A+ The Seven Samurai, Stanford, Saturday through the following Friday. If you think all action movies are mindless escapism, you need to set aside 3½ hours and watch Kurosawa’s epic masterpiece. The basic story–a poor village hires warriors to defend them against bandits–has been retold many times since, but Kurosawa told it first and told it best. This is an action film with almost no action in the first two hours. But when the fighting finally arrives, you’re ready for it, knowing every detail of the people involved, the terrain that will be fought over, and the class differences between the peasants and their hired swords. One of the greatest movies ever made. For more on this masterpiece, see Kurosawa Diary, Part 10: Seven Samurai.
B+ Hair, Pacific Film Archive, Sunday, 5:30. The original “tribal love-rock musical” was plotless, depended on audience participation, and was pretty much unfilmable. So screenwriter Michael Weller and director Milos Forman created their own story for the songs, the characters, and the time. One of the best films about the late 1960’s counterculture—perhaps because in 1979, the whole bizarre thing could be viewed with both perspective and nostalgia. And the songs are great.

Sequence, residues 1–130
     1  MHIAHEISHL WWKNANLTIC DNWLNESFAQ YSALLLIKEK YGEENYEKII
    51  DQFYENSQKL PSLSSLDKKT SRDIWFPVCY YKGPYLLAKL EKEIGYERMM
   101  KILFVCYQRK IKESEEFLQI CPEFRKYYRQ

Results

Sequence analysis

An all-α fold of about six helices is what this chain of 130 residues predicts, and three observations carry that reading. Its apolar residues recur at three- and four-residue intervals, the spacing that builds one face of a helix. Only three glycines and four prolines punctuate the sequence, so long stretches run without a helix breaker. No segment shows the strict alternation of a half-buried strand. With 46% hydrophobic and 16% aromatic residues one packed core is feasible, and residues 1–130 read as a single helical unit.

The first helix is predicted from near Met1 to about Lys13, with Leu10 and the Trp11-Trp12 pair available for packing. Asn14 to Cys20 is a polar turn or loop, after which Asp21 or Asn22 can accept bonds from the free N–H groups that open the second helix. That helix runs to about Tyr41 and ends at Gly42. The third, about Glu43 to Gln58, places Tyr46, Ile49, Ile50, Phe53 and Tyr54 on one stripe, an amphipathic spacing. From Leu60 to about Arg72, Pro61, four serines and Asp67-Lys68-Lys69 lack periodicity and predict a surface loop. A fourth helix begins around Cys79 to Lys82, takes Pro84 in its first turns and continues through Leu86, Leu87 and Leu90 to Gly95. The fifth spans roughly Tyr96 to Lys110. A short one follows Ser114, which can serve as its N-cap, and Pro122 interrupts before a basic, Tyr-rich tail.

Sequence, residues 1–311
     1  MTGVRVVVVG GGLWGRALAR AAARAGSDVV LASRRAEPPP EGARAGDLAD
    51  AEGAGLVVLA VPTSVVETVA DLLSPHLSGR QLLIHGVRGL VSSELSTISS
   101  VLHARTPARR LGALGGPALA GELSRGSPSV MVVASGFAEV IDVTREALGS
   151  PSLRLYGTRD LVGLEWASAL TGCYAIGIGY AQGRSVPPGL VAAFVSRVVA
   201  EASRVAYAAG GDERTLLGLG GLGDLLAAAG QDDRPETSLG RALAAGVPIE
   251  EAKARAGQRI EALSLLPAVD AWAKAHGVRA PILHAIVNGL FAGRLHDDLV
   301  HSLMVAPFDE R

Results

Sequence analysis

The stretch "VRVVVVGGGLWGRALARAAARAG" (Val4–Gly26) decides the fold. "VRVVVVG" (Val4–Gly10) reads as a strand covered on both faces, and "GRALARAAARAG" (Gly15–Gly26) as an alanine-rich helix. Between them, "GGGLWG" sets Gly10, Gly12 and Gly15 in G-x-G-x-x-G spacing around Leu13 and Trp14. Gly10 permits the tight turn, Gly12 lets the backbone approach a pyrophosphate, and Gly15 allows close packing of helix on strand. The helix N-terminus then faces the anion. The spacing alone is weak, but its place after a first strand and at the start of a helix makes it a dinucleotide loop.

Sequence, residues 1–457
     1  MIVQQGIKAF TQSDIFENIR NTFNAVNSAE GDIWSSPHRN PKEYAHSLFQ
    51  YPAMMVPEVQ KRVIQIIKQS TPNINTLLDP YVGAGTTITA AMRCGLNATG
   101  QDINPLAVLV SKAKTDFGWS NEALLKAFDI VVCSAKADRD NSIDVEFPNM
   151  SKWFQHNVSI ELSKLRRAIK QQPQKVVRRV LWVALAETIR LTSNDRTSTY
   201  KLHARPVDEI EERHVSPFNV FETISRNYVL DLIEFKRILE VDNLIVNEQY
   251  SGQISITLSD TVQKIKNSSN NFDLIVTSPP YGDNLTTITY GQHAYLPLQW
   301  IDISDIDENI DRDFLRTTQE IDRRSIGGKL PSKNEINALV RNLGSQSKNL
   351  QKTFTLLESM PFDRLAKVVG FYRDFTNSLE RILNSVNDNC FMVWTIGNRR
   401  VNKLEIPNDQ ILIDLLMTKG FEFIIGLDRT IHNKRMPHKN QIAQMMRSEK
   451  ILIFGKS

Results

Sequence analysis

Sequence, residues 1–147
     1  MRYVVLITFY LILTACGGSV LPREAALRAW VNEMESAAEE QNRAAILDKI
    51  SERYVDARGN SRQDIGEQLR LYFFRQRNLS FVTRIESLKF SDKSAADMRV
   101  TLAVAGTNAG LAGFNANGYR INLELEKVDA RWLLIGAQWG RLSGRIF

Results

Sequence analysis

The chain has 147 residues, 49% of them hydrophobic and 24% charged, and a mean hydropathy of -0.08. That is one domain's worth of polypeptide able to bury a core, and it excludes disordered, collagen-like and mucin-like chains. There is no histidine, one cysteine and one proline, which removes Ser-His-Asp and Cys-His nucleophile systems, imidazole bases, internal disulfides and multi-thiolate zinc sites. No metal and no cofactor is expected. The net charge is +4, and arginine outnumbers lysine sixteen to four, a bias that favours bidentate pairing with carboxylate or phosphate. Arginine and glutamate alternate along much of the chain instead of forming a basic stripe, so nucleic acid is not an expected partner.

Bye Bye Birdie, Pacific Film Archive, Friday, 8:30. I have very vague memories of seeing this 1963 musical comedy, inspired by the Elvis mania of the 1950s, as a child. I’m not going to even guess if it’s any good. I suspect it’s a view of rock and roll for the first generation to be bewildered and slightly offended by it. I do know the movie was originally released in 4-track magnetic sound, and that the 35mm print the PFA will present somewhat recreates that in Dolby Stereo. Part of the series, The Kids Are Alright: Post-Fifties Musicals and the Rise of Youth Culture.